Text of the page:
In a study by Boileau and colleagues [2], 17 patients (17 shoulders, mean age 71 years) who underwent reverse shoulder arthroplasty with latissimus dorsi and teres major transfer through a single deltopectoral approach were reported to have improvement in active forward flexion of 75° and external rotation with the arm abducted of 34°, respectively. In another study, Boughebri and colleagues [5] reviewed 15 shoulders of 14 patients (mean age 67.5 years) who were treated with the same procedure; active forward flexion and external rotation improved postoperatively 61° and 36°, respectively. Puskas and colleagues [9] published a series of 41 patients (41 shoulders) undergoing a similar procedure but through two incisions: one for tendon harvest and one for reverse shoulder arthroplasty and tendon transfer; they observed improvements of 62° and 23° in active forward flexion and external rotation, respectively. These previously reported improvements in forward flexion and external rotation are similar to our findings of 64° and 30°, respectively.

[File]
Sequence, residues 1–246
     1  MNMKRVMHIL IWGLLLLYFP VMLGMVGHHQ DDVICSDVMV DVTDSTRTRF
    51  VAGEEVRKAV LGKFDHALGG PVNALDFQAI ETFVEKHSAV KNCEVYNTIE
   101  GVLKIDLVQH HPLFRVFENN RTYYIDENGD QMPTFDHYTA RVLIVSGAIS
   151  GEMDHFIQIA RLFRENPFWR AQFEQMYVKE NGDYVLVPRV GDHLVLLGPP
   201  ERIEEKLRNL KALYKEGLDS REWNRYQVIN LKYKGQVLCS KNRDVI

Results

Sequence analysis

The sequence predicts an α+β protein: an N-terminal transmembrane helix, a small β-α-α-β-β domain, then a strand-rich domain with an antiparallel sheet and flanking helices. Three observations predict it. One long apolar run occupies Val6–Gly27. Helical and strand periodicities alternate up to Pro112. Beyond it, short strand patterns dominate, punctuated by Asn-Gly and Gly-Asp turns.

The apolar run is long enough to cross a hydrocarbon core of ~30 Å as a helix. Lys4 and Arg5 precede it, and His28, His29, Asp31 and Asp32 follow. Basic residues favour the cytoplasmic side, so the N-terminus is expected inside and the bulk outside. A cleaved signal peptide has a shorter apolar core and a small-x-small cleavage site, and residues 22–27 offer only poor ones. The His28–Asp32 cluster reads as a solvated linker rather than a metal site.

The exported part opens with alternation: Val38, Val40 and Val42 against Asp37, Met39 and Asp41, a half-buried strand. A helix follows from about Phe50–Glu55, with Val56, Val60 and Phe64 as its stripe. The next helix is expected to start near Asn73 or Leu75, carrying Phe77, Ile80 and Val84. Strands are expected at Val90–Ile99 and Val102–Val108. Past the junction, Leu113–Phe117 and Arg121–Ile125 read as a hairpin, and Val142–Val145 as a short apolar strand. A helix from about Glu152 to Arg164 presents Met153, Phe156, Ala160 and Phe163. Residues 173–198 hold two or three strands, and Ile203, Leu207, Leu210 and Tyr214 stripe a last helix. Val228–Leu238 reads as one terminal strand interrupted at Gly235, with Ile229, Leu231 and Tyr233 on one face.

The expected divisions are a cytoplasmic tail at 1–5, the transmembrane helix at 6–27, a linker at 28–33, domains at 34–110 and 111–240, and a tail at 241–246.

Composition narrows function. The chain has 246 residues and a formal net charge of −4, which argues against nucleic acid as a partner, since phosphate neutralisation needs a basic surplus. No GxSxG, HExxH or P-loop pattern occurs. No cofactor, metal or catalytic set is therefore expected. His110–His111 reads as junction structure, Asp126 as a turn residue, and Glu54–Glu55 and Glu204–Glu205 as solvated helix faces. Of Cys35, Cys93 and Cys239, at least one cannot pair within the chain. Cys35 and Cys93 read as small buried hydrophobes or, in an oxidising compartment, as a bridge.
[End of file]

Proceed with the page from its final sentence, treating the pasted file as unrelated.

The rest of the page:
Patients have improved pain and functional outcome after reverse shoulder arthroplasty with latissimus dorsi and teres major transfers.

Puskas et al. [9] reported improved Constant score from 45 to 89 after surgery, and Boughebri et al. [5] reported Constant score improved from 24% to 61 after surgery. We reported a significant decrease in VAS pain score from 8.4 to 1.7; our mean postoperative UCLA and ASES shoulder scores were 27 and 74, respectively. Patients have previously reported increases in subjective shoulder value with postoperative scores of 71% [2] and 75% [9], which is similar to our cohort's SANE score of 81%.